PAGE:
HOUSTON – In 2003, the Texas Legislature passed HB 3015 which deregulated tuition and required all public universities to set aside a certain percentage of every student’s tuition each semester to fund needs-based financial assistance programs for Texas residents.
This means that a Texas student paying $2,500 per semester in tuition will have $500 of their tuition set aside each semester for financial assistance programs under HB 3015. Students are obligated to pay into the fund even if they themselves receive some kind of financial aid. Over four years, the student will pay $4,000 into this program – a substantial amount considering that many students pay for college through student loans, requiring interest payments. In fact, if the student financed all of their tuition they would owe an additional $550 in interest on the tuition that was set asides for another student.
Tuition deregulation created two parts to tuition: statutory and designated.
Statutory tuition is the rate that the state mandates colleges to charge, and is the same for all public higher education institutions. It is currently $50 per semester hour for in-state students and $327 for out-of-state students. 15% of graduate and undergraduate statutory tuition is set aside and reserved for the Texas Public Educational Grant and Emergency Tuition and Fee Loans.
Designated tuition is determined by each institution. According to the Texas Education Code, there is no limit on how much designated tuition can be charged. Universities are required to set aside 15% of graduate and undergraduate designated tuition that exceeds of $46 per semester credit hour, and finances needs-based financial assistance programs selected at the discretion of each university. In the 2008-09 term $100 million in tuition was set aside from students for this purpose.
An additional 5% is set aside from undergraduate designated tuition to fund the Texas B-On-Time Loan Program. Set asides collected for this program go to the Texas Higher Education Coordinating Board, which controls the program. Although the B-On-Time program awards loans to both private and public institutions, only public institutions are required to set aside students’ tuition. This creates an unfair burden for students attending public institutions by forcing them to share the bill for other students attending private institutions.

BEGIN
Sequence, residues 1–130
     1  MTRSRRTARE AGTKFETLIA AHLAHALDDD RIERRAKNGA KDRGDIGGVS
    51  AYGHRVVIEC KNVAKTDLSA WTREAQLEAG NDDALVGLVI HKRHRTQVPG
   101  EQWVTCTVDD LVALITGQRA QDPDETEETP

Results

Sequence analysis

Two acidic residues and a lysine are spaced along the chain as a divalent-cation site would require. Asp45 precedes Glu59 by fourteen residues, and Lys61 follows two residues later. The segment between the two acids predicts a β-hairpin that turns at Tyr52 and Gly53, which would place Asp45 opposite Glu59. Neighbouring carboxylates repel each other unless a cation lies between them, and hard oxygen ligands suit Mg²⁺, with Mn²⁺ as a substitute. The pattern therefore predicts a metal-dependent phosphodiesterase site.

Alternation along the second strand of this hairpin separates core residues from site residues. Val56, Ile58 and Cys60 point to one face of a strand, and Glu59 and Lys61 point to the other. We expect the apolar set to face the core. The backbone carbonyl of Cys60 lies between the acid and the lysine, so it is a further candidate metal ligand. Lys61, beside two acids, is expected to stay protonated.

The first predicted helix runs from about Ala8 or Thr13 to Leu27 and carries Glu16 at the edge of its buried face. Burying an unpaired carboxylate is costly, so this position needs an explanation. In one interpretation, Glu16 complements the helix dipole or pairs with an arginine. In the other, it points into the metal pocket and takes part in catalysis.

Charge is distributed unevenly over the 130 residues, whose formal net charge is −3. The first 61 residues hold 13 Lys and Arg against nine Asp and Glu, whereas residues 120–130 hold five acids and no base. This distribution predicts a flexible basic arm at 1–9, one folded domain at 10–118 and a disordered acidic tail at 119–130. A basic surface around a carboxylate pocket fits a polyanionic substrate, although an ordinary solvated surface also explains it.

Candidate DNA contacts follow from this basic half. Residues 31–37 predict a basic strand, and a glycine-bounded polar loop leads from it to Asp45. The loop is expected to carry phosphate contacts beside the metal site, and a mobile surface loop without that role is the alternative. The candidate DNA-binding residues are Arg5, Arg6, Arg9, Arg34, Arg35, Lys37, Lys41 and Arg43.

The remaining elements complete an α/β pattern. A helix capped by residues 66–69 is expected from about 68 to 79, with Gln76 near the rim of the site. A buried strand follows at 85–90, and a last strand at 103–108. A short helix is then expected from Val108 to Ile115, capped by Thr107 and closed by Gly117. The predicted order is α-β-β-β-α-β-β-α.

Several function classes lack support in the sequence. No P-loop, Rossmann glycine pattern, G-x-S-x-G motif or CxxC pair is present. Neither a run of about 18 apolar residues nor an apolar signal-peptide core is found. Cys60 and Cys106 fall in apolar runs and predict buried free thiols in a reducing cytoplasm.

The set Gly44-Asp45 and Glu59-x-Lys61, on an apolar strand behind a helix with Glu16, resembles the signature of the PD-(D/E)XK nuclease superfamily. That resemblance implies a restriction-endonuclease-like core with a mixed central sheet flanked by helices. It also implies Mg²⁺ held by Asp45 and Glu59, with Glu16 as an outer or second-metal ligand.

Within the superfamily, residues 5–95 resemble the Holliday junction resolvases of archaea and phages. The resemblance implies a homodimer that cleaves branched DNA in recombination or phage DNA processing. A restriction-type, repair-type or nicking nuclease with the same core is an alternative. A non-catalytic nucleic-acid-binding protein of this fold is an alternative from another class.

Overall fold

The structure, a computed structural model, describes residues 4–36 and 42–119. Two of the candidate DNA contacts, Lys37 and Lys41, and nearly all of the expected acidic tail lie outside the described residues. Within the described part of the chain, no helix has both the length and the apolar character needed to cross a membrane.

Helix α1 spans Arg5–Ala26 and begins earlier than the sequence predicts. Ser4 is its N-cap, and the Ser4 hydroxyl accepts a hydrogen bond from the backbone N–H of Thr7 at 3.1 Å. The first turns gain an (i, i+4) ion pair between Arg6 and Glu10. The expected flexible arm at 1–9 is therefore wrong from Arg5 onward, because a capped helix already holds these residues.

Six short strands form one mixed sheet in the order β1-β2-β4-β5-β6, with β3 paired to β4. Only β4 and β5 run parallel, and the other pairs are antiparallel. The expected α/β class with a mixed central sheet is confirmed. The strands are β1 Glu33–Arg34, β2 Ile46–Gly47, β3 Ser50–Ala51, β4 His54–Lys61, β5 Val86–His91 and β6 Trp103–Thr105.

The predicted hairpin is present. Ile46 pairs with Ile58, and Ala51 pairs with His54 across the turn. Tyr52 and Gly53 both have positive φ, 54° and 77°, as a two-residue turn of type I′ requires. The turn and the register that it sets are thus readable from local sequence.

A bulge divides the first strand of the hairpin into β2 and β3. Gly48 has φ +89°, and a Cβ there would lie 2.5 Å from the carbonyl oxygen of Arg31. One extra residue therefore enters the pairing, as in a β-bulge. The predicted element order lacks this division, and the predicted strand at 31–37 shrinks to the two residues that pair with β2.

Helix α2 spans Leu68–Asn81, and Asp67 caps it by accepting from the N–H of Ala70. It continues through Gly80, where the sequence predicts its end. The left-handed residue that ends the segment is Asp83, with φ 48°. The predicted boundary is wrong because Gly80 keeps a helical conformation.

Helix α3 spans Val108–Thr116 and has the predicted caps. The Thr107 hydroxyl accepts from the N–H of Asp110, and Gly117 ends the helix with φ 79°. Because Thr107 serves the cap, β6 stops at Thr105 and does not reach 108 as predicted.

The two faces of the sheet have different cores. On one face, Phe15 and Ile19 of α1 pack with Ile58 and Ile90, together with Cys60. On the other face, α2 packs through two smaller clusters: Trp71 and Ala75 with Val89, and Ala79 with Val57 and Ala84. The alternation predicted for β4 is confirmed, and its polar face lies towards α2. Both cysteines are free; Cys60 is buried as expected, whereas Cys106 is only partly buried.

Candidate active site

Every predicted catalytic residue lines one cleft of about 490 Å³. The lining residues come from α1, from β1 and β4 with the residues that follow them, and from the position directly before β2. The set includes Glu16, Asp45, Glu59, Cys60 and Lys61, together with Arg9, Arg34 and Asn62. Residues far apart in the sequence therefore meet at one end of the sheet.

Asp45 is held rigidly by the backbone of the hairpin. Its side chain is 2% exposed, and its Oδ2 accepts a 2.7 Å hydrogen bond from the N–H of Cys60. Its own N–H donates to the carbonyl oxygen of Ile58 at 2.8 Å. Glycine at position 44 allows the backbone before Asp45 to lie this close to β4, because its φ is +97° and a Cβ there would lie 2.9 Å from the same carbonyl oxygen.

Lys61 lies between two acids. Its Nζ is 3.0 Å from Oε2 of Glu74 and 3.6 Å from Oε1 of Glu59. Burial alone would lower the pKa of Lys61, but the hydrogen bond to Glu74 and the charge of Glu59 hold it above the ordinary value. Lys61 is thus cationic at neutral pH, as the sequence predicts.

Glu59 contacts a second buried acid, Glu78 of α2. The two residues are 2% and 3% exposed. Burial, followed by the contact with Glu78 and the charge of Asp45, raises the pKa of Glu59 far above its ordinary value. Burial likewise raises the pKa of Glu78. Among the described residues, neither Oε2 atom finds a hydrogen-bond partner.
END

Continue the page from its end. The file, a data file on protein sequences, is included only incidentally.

Since 2003, tuition rates have increased 86%. As the costs associated with higher education have continued to rise, more students and families are struggling to pay for college and must find additional funding sources to meet the growing costs. Yet many of these same students are unaware that a significant portion of their tuition is used to provide financial assistance to other students.
Not all students benefiting from tuition set aside programs are legal Texas residents. In 2001 HB 1403 enacted a loophole for non-legal Texas residents allowing students seeking financial aid that are non-U.S. citizens, who are ineligible to apply for federal student aid, to meet the Texas state residency requirements and can complete the Texas Application for State Financial Aid (TASFA) in lieu of the FAFSA form. These students can then compete for state funds without being U.S. Citizens or legal U.S. residents and makes them eligible for financial aid programs including the Texas Public Education Grant, the Texas Grant, and Texas State Exemption Programs.
Students of Texas universities graduate with the 4th largest amount of average debt after obtaining a four-year degree in the country. Texas Commissioner of Higher Education, Raymund Paredes, says that the average Texas student graduates with about $20,000 in student loans- a figure he said has roughly doubled in the last decade.